I was recently faced with a dilemma. If organic produce is not available or unattainable, is it better to eat conventional produce or none at all? For me, the answer is its better to eat some conventional produce than none at all, but it got me thinking about organic produce. Some will argue that its not worth the additional cost, but I disagree.
I went looking for some support on this. According to the USDA, pesticides on conventionally grown produce do not exceed governmental safety thresholds. But we also know that washing your produce can’t remove all traces of pesticides. The Mayo Clinic recommends you “select a variety of foods from a variety of sources. This will give you a better mix of nutrients and reduce your likelihood of exposure to a single pesticide.” If they’re safe, then why do we need to limit how much we consume? The EPA tells us that “the health effects of pesticides depend on the type of pesticide. Some, such as the organophosphates and carbamates, affect the nervous system. Others may irritate the skin or eyes. Some pesticides may be carcinogens. Others may affect the hormone or endocrine system in the body.” Affects on hormones and increased cancer risk definitely concern me. They say they only allow pesticides that they are “reasonably certain” to not be harmful to humans to be used. That just isn’t enough for me. How many times have things been thought to be safe and later found to be harmful? I’m just not willing to take the risk.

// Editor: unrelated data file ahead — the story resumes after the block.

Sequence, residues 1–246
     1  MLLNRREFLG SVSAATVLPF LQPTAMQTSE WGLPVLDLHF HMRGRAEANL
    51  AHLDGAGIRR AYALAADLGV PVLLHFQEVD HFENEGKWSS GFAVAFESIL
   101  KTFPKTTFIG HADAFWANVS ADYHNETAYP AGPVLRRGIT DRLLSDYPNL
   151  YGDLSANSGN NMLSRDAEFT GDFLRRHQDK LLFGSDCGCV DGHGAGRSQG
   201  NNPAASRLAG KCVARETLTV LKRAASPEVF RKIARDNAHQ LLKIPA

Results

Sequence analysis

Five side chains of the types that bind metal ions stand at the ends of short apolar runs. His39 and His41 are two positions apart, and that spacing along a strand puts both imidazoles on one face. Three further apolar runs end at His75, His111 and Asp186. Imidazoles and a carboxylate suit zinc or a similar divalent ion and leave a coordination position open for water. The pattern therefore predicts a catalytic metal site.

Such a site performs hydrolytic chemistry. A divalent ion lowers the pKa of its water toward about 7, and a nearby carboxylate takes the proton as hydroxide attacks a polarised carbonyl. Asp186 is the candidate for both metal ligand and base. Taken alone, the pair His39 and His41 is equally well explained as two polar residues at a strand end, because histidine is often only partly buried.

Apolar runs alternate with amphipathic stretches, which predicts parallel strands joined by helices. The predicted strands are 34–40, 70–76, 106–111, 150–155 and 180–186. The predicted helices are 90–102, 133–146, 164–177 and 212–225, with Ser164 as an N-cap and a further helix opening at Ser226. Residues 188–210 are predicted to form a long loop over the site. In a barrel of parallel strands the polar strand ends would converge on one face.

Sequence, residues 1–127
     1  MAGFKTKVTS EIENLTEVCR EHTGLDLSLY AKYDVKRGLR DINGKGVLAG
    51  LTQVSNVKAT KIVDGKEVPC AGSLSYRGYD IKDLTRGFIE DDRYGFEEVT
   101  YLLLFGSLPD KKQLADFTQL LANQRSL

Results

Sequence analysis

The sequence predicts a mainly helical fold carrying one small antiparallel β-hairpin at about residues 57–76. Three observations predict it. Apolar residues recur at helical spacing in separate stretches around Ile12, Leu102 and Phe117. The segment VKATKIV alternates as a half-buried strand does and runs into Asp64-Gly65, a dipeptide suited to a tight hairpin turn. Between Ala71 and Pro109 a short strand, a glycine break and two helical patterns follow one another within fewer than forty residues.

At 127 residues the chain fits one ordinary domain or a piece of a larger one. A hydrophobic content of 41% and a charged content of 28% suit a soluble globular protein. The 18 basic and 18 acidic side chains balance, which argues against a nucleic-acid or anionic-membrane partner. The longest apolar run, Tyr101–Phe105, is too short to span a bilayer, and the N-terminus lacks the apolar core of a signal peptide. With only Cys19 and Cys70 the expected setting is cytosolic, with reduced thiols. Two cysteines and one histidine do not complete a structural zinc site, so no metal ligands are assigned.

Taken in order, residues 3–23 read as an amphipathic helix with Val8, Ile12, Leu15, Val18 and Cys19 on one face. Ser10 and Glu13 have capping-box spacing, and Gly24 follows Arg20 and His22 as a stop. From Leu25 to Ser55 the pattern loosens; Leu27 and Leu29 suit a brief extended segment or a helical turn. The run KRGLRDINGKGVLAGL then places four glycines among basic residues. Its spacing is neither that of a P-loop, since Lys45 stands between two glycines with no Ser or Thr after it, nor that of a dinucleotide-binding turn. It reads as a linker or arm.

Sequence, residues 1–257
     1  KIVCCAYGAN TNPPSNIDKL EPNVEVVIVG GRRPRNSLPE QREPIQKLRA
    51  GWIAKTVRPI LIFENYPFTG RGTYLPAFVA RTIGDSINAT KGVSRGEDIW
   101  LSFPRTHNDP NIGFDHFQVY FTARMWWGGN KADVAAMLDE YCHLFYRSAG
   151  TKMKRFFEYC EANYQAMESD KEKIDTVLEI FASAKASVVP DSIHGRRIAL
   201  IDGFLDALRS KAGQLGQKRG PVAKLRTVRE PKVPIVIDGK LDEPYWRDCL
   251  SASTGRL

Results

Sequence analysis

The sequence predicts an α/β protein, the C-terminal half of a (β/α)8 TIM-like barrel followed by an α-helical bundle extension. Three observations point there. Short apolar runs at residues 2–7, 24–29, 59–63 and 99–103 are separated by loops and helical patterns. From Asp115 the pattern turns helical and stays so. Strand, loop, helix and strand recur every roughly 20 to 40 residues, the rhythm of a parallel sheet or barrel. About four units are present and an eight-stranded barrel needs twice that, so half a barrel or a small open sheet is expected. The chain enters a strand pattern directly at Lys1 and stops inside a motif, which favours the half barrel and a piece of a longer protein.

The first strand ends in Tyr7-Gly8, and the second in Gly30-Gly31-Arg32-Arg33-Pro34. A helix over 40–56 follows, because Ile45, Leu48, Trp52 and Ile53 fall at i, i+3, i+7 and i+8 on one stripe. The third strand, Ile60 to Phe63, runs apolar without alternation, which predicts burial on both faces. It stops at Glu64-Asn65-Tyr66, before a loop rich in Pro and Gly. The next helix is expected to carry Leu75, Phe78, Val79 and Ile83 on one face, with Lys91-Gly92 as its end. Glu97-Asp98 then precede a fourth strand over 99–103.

Luckily there are ways to still avoid pesticides if you don’t want to spring for all organic produce.
These are the 12 items that have the most pesticides and the 15 that have the least. You can use this information to weigh which items you want to buy organic. (A note about corn: corn is something I won’t buy if its not organic since the majority of conventionally grown corn is GMO.)
Like I said at the beginning, sometimes I feel like getting produce into my diet is the most important thing, but I try very hard to at least buy organic versions of the dirty dozen to limit possible pesticide exposure.
Here are some ways to save on organic produce:
- Frozen organic fruits and vegetables are a good option because they are frozen at their peak freshness and can be cheaper than fresh. Especially when you’re buying things out of season.
- Buying things locally and in season will also save you cash, since they don’t have to be transported across the country.
- CSA’s are also a good way to save some money. We found that organic produce was a little cheaper when we bought a box through the CSA. Luckily our CSA lets you choose which items you want each week so we don’t get stuck with things we won’t use.
- Growing your own garden is also an amazing way to save on produce, since you can get a huge return on a small monetary investment. You get to control what kind of seeds and pest control you use, so you know exactly what’s on/in it.
Do you buy organic produce? Which items are most important to you to buy organic?